June 7, 2021   |   Abby Foutch

23 Event Registration Form UX Mistakes to Avoid

Imagine yourself filling out a long and cumbersome form to register for an event. After spending a few minutes finding your credit card (it’s probably upstairs—why is it always upstairs?) and billing details, you click “Register” only to encounter your form filled with red error messages.

All of the sudden the browser’s “close” button seems much more tempting than before, right?

Despite the constant innovation, web forms—including event registration forms—remain one of the core barriers between registrants and event marketers. 

And any kind of obstacle in filling out the form can lead to frustration, which as a result can lead to drop-outs. 

Let’s avoid that.

Here are 23 common event registration form UX mistakes and how to avoid making them

Mistake #1:  Registration form fields are too long for their input

The size of an input field should reflect on how much text the user is expected to enter. Fields like postcode or house number should be shorter than street address lines.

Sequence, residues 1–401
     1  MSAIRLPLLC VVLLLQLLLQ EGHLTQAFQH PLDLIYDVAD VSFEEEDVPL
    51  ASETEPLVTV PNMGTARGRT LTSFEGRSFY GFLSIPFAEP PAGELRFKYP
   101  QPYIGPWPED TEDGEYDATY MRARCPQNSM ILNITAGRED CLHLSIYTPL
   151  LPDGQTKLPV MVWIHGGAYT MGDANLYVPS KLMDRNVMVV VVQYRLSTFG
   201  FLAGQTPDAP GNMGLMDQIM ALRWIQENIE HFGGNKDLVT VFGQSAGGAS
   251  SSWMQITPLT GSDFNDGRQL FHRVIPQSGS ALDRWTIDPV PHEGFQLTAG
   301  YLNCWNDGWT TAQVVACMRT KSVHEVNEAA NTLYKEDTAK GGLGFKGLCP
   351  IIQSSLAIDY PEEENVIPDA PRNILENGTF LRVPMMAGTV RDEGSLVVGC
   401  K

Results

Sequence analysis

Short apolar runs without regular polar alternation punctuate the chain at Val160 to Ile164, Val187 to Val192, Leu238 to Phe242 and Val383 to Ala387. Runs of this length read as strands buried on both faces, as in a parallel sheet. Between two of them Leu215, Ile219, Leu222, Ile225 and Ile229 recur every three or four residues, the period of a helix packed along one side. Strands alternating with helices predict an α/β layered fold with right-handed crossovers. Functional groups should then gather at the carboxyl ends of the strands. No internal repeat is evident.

Mistake #2:  Event registration form fields aren’t automatically pre-populated

Most modern event registration software can pre-load address fields from Google Maps, or pre-populate a registration form with data from your CRM, like HubSpot

This will save attendees from entering information that should really already be known.

Mistake #3: Fields are inline and not in one column

With the exception of date fields, normal event registration form fields should be in one column and not next to each other. 

The reason for that? 

With form fields in multiple columns, your registrants are more likely to get super confused and misinterpret the fields. That means extra time and headaches for everyone.

Mistake #4: Fields aren’t made required, even though they should be

If you can, avoid optional fields in forms. If you do decide to use them, clearly label fields as optional and not as not required.

Not sure which questions to ask?

Check out our guide on essential event registration questions you should ask for every event. 

Mistake #5: Password fields are not protected